dissabte, 26 de desembre de 2009

L'illa dels Sentineli, la darrera illa inexplorada

Segons la revista Transversal, número 6 de la UB, existeix una illa on cap home blanc ha entrat i sortit. Es l'illa dels Sentineli:

"Només hi ha un lloc d’on l’home blanc no en té coneixement i d’on mai ha pogut tornar-ne quan hi ha anat. Es tracta de l’illa dels Sentineli, a l’oceà índic, on mai cap estranger hi ha pogut anar i tornar-ne amb vida, els seus habitants no en volen saber res de forasters.
A causa del Tsunami del 2004 es va pensar que podien haver mort els seus habitants, però per sort encara eviten les visites no desitjades amb les seves llaces. Si us interessa el tema us recomano que visiteu la pàgina web: http://www.andaman.org/BOOK/chapter8/text8.htm#sentineli "

En aquesta pàgina trobem:

"The Sentineli are the quintessential Andamanese: to this day they live their primitive but comfortable and unhurried lives in complete isolation on a small island, they are hostile to all outsiders and they do not wish to change this state of affairs. Violence is the traditional way to ensure the undisturbed enjoyment of their way of life. In the 21st century, they will kill strangers outright and they hide from landing parties that look too strong to fight. If the landing parties offer coconuts and other goods, they will condescend to accept these, but as soon as the feel they have received enough, an obscene gesture makes clear that the outsiders are no longer tolerated and had better leave in a hurry"

Finalment, la wikipedia ens informa:

"Their island is nominally part of and administered by the Indian Union Territory of Andaman and Nicobar Islands; however, in practice the Sentinelese exercise complete autonomy over their affairs and the involvement of the Indian authorities is restricted to occasional monitoring, even more infrequent and brief visits, and generally discouraging any access or approaches to the island. It is, therefore, one of the de facto autonomous regions of India.

From 1967 on, the Indian authorities in Port Blair embarked on a programme of official but limited attempts at contacting the Sentinelese, under the auspices of the Director of Tribal Welfare and anthropologist T. N. Pandit. These "Contact Expeditions" consisted of a series of planned visits which would progressively leave "gifts", such as coconuts, on the shores, in an attempt to coax the Sentinelese from their customary hostile reception of outsiders. For a while these seemed to have some limited success; however the programme was discontinued in the late 1990s following a series of hostile encounters resulting in several deaths in a similar programme practiced with the Jarawa people of South and Middle Andaman Islands and because of the danger of introducing diseases. The Sentinelese remain sceptical and generally hostile to any approaches from outsiders."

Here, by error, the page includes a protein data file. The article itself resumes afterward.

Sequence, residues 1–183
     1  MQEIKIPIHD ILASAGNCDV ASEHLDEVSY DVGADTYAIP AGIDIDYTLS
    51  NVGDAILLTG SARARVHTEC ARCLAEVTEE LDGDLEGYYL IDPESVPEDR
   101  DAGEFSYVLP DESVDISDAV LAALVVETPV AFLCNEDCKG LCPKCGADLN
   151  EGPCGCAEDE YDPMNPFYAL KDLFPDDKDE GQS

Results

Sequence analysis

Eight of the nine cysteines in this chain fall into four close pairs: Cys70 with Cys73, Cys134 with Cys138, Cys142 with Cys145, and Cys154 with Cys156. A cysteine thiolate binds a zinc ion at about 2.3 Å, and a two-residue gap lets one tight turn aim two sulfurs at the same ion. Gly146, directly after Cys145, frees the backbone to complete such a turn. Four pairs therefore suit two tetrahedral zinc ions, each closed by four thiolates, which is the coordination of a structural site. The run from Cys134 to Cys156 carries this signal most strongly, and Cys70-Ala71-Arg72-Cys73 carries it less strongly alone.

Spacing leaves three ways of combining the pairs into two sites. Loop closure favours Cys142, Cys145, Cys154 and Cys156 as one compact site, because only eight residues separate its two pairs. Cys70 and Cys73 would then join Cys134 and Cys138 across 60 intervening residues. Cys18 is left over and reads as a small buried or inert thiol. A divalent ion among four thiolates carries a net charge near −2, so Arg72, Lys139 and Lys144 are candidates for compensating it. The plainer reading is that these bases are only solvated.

In 2006, Sentinelese archers killed two fishermen who were fishing illegally within range of the island, and drove off the helicopter that was sent to retrieve their bodies with a hail of arrows. To this date, their bodies remain unrecovered."

En resum, els darrers "contactes" han estat l'assessinat de dos pescadors el 2006 i la pluja de fletxes a l'helicòpter que va intentar recuperar els dos cosos que -a hores d'ara- no han estat recuperats. Segons informa The Sidney Morning Herald (http://www.smh.com.au/news/world/stone-age-tribe-kills-fishermen/2006/02/08/1139379571616.html):

"Stone Age tribe kills fishermen

By Peter Foster in New Delhi February 9, 2006

One of the world's last Stone Age tribes has murdered two fishermen whose boat drifted on to a desert island in the Indian Ocean.

The Sentinelese, thought to number between 50 and 200, have rebuffed all contact with the modern world, firing a shower of arrows at anyone who comes within range.

They are believed to be the last pre-Neolithic tribe in the world to remain isolated and appear to have survived the 2004 Asian tsunami.

The men killed, Sunder Raj, 48, and Pandit Tiwari, 52, were fishing illegally for mud crabs off North Sentinel Island, a speck of land in the Andaman and Nicobar Islands archipelago.

Fellow fishermen said they dropped anchor for the night on January 25 but fell into a deep sleep, probably helped by large amounts of alcohol. During the night their anchor, a rock tied to a rope, failed to hold their open-topped boat against the currents and they drifted towards the island.

"As day broke, fellow fishermen say they tried to shout at the men and warn them they were in danger," said Samir Acharya, the head of the Society for Andaman and Nicobar Ecology, an environmental organisation. "However they did not respond - they were probably drunk - and the boat drifted into the shallows where they were attacked and killed."

The Indian coast guard tried to recover the bodies using a helicopter but was met by a hail of arrows.

Photographs shot from the helicopter show the near-naked tribesmen rushing to fire. But the downdraught from its rotors exposed the two fishermen buried in shallow graves and not roasted and eaten, as local rumour suggested.

Attempts to recover the bodies have been suspended, although the Andaman Islands police chief, Dharmendra Kumar, said an operation might be mounted later.

Environmental groups urged the authorities to leave the bodies and respect the five-kilometre exclusion zone thrown around the island. In the 1980s and early 1990s many Sentinelese were killed in skirmishes with armed salvage operators who visited the island after a shipwreck. Since then the tribesmen have remained virtually undisturbed."

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